“When we first made the decision to throw our hat into the ring…we wanted to find a partner whom we felt shared the same vision and mission that we had,” health care veteran and president and chief executive officer of Corner Care Clinic, Julie Beckner, told Drug Store News.

Signifying not only a shift in the health care industry toward convenient health and wellness offerings, but also signifying the key role Corner Care Clinic will play in the Cardinal Health portfolio, Corner Care Clinic participated in the Cardinal Health Retail Business Conference held last month at the Hynes Convention Center in Boston.

As is common of the acute care retail clinic model, Corner Care Clinics are staffed by nurse practitioners that treat such common ailments as strep throat and pink eye, and also provide vaccinations, physicals and screenings for such conditions as diabetes and blood pressure. The average cost ranges between $55 and $75.

Aiming to educate its independent pharmacies on the opportunity, Cardinal Health introduced the clinics, as well as other offerings, at the 18th annual RBC. Touted as the latest addition to Leader Total Pharmacy Manager, Cardinal’s suite of services to help independent pharmacies bolster revenue and drive productivity, the in-store clinics provide yet another way for its retail pharmacy customers to expand their health care reach and better serve their communities. Currently, more than 3,000 independents are part of Cardinal’s Leader pharmacy network.

Meanwhile, Corner Care Clinic has been working to bolster its management team, last month announcing two key executive moves.

Assuming the role of corporate director of marketing for Corner Care Clinic is Mike Milakis. Previously, he served as owner, president and creative director for M&M Advertising for 11 years. During his career, Milakis has worked with more than 50 different hospital, insurance, pharmaceutical and health care-related clients, including Eli Lilly,I.U. Medical Center and University of Chicago Hospitals.

Corner Care Clinic also has promoted Mark Rollins to chief medical officer of the company. Previously, he served as Corner Care Clinic’s medical director.

Prior to joining Corner Care Clinic, Rollins, a board-certified physician, served as chief of medicine at Marion General Hospital in Marion, Ind.

In a recent interview with Drug Store News, Keith Cook, who joined Medicine Shoppe International in late 2006 as vice president of pharmacy solutions, said the partnership is important to Cardinal Health’s MSI division because there is a real “need in the community” for convenient and affordable acute care.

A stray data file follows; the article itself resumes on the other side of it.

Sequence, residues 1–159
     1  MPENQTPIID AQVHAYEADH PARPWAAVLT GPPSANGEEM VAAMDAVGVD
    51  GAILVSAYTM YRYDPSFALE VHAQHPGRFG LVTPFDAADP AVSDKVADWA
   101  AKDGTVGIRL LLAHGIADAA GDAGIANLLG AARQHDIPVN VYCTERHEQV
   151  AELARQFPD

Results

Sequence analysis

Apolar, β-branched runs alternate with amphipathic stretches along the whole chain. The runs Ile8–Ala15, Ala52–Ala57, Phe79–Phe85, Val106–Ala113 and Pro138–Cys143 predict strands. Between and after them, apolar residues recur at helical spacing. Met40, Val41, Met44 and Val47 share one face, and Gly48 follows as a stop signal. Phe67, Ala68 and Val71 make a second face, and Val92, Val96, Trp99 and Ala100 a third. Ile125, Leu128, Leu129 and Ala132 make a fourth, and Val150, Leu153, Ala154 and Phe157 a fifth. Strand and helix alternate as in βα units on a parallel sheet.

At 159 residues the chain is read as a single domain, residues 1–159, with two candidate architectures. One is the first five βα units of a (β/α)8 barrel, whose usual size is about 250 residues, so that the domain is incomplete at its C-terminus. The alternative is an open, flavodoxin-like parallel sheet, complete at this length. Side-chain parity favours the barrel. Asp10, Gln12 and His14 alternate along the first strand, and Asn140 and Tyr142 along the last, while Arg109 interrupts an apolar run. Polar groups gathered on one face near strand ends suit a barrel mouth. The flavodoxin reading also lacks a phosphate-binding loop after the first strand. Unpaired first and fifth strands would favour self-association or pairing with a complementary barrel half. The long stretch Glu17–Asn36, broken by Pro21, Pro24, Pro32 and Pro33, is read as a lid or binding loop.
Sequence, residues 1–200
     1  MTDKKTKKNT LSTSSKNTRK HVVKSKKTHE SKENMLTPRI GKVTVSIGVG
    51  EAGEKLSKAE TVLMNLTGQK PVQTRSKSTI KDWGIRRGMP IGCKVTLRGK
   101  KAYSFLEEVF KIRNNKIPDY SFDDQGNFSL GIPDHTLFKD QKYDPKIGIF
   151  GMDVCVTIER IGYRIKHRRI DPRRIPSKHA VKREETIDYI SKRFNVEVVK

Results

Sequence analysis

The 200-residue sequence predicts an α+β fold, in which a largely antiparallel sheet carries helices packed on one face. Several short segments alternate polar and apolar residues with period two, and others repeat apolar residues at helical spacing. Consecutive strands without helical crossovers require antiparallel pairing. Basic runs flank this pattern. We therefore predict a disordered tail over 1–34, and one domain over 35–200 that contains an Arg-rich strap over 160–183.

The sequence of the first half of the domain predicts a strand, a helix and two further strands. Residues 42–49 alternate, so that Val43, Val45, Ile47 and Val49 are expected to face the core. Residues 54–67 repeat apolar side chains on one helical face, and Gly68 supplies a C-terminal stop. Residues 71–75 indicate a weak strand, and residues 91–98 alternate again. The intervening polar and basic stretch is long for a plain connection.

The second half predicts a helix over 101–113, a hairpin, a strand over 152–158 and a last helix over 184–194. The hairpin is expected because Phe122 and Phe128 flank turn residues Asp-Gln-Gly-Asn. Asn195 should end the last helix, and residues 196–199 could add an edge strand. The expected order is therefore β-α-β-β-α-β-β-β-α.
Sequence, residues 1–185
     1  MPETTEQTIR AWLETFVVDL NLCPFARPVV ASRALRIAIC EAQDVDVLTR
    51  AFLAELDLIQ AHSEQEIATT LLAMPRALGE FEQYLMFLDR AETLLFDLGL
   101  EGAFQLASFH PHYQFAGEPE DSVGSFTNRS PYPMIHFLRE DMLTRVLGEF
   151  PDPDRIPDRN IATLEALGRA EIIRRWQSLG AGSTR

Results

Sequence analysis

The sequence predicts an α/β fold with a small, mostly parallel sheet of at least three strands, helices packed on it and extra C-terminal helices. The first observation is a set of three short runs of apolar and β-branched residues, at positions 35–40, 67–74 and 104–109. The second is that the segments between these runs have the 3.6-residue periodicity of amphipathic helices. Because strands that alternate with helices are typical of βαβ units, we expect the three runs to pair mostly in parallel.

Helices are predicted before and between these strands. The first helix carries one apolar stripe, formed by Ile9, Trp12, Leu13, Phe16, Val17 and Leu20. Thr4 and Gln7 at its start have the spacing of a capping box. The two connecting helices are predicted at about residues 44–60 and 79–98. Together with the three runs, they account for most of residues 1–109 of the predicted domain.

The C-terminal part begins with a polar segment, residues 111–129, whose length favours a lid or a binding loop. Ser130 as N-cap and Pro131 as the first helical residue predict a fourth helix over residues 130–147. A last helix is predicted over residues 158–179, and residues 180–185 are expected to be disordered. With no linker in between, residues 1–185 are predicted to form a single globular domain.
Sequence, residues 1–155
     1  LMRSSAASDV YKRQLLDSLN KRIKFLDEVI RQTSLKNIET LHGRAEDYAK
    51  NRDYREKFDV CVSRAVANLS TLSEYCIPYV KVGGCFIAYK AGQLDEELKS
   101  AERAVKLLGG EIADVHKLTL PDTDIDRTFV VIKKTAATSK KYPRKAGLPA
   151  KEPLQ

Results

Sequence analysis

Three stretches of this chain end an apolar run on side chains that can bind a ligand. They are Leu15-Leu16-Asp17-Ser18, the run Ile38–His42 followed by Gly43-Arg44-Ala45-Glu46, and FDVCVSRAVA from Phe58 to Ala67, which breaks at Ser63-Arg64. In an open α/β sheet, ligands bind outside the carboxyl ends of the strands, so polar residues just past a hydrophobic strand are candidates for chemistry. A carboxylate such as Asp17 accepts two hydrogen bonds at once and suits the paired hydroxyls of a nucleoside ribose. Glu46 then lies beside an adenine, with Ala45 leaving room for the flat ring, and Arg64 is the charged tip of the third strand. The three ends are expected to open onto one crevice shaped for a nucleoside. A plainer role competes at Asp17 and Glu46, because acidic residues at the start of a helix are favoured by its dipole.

“There are some counties where there is not even a hospital within a 30-mile radius of our store. So ER visits are very difficult for some of our regular patients that we see every day. And there’s also the current health care situation in America. It isn’t easy to get in and get an appointment immediately when you need minor care. So the need was there, and it fit very nicely into our business model,” Cook said. “The reason we like [Corner Care Clinic] as a partner is that they do a very good job of working with the local physician community, and that was really important to us.”

Added Beckner, stressing the importance of working with the local medical community, “[Corner Care Clinics] addresses a real need, but we also are a physician advocate.”

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Respiratory drug sales climb as asthma, COPD cases rise

BY Laura Klepacki

The global respiratory drug market is projected to exceed sales of $44 billion by 2010, according to market research firm Kalorama Information.

As the incidence of lung and breathing-related illnesses climb around the world, drug sales in the segment have continued to rise as well. Kalorama researchers report that sales have increased at the rate of 11 percent annually, from $19 billion in 2000 to $32 billion in 2005.

Asthma, a leading respiratory disease, was diagnosed in 19.8 million people in the United States in 2003, with 11 million experiencing an asthma attack in the previous year, according to the most current statistics from the Centers for Disease Control. In 2002, asthma accounted for 12.7 million doctor visits, 1.2 million hospital outpatient visits, 1.9 million emergency room visits and 484,000 hospitalizations.

An illness that affects the lungs, asthma is the most common long-term disease of children. Symptoms include wheezing, breathlessness, chest tightness and nighttime or early morning coughing. Asthma always is present, but a patient will suffer attacks only when the lungs are stimulated. Triggers include: tobacco smoke, dust mites, air pollution, cockroaches and their droppings, furry pets and mold. Also, physical exertion, high emotional states or extreme temperatures can lead to an attack.

Treatments fall into two categories: long-term control drugs and quick-relief drugs, such as inhalers. Asthma cannot be cured.

Meanwhile, another respiratory disease that often is confused with asthma is chronic obstructive pulmonary disease, and that afflicts another 20 million Americans.

Top-ranked treatments for asthma and COPD posted strong global sales results last year. Advair grew 11.7 percent to $6 billion, Singulair climbed 20 percent to $3.6 billion, Zyrtec rose 12 percent to $2.5 billion, Spiriva shot up 48.5 percent to $1.6 billion, Pulmicort rose 11.2 percent to $1.3 billion and Flixotide increased 4.5 percent to $1.2 billion, according to market research firm Wood Mackenzie.